fraud revelations battered heavily leveraged companies on its perimeter Wednesday, most notably optical equipment providers
Double-digit losses sank shares of several of the major network equipment providers to new 52-week lows. Corning, the century-and-a-half-old glass company swept up by the Internet boom, led the pack, plunging 82 cents, or 21.64%, to $2.97. Optical giant Juniper's shares tumbled 90 cents, or 14.45%, to $5.38. Nortel lost 20 cents, or 12.42%, to $1.41.
shares lost 31 cents, or 15.74%, to $1.66.
fell 23 cents, or 8.98%, to $2.33.
fell 56 cents, or 8.82%, to $5.79.
Nortel shares were hit hard even though the company said it has only "minimal" WorldCom exposure and no vendor financing agreements with the company. Nortel was being dragged down in part by a warning from French competitor
, which said it expects to report an operating loss for the year rather than the operating profit it had forecast.
Just a Second
Corning also protested that its WorldCom exposure was practically nothing. Indeed, one analyst made a case that the reaction -- at least on a lost-revenue basis -- was way overdone when one considered the amount of capital investment WorldCom made with equipment providers.
Credit Suisse First Boston analyst Max Schuetz pointed out that after properly reclassifying its questionable costs, WorldCom's capital expenditure was only about $480 million in the first quarter, which is under 5% of its total North American spending. But he cautioned, "investors have a lot of fear of debt in general." Likewise,
got hit, losing 26 cents, or 13.54% to $1.66, a new 52-week low, while JDS Uniphase was down 22 cents, or 8.6%, to $2.34. CS First Boston has performed underwriting for Corning.
Electronic Data Systems
got slapped after WorldCom was identified as a "landmark contract" for the company, according to a research note from Bear Stearns analyst James Kissane. Kissane pointed out a 1999 IT outsourcing contract between the two companies of $5 billion to $7 billion over 10 years, which is now being called into question. "Outside of GM," Kissane wrote, "WCOM was the largest commercial base contract ever signed by EDS. In order to win the contract, EDS had to buy MCI Systemhouse, a chronic underperforming systems integration company based in Canada. While the operations of WCOM will not cease, we doubt the contract will generate the returns that EDS originally expected." EDS was down $4.05, or 9%, to $42.58.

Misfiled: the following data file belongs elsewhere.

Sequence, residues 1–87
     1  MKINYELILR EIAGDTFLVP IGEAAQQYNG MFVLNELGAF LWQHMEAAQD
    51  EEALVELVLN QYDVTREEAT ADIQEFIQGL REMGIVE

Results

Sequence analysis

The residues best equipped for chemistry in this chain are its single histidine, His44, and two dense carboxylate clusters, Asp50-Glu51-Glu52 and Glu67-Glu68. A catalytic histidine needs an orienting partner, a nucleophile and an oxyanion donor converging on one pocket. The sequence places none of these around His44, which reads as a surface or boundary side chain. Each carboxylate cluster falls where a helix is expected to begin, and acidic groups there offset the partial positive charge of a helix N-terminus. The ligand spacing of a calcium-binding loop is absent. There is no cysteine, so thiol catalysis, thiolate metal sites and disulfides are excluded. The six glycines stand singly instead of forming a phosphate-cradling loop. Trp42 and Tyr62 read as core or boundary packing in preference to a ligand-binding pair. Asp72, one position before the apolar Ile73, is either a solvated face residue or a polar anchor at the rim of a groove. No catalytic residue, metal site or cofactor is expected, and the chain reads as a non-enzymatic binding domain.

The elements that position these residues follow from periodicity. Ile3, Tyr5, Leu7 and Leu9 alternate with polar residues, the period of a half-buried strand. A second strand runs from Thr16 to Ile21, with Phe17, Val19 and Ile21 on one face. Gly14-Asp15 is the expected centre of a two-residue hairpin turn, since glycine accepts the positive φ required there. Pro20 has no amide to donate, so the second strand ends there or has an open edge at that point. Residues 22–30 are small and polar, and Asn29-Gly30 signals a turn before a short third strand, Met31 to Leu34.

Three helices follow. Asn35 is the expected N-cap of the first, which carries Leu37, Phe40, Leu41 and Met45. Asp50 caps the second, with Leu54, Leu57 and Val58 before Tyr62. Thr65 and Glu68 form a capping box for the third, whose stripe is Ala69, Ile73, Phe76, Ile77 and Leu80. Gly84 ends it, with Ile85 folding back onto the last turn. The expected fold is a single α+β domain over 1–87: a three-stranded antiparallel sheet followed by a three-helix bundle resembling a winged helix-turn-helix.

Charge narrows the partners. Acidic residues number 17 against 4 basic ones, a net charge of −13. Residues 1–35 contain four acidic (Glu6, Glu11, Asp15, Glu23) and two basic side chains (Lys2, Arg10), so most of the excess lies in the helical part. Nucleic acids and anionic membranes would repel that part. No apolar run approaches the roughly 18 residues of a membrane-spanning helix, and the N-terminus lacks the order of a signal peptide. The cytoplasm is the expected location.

In one of the few encouraging signs that the market for equipment has not completely dried up, optical equipment provider
managed to avoid free fall by announcing a deal with
to provide the telecom company with switches for its international networks. Ciena shares were down only 8 cents, or 2.08% to $3.77.
Elsewhere, wireless operators were singed but mostly escaped charring. While "there's no direct impact" from WorldCom's financial improprieties, wireless companies "that are more leveraged seem to be taking more of the brunt of the selloff," said W.R. Hambrecht analyst Peter Friedland.
shares hovered millimeters above their 52-week low, losing 24 cents, or 7.23%, to $3.08.
lost 43 cents, or 7.57%, to $5.25.
shares dipped 16 cents, or 3.84%, to $4.01.
, whose corporate credit rating was put on credit watch by Standard & Poor's last Friday, suffered a 17-cent loss, or 10.83% to $1.40.
, a Sprint PCS network partner, also dropped 9 cents, or 7.26%, to $1.15.
There's an attitude on Wall Street that for companies even remotely associated with wireline companies, it's "guilty until proven innocent," said Thomas Wiesel Partners wireless operator analyst Ned Zachar. "It's going to be that way for some time." Wireless companies in general have more transparency in their accounting, partially because there have been a lack of mergers and acquisitions, despite the apparent need for the industry to survive the telecom "nuclear winter," said Zachar.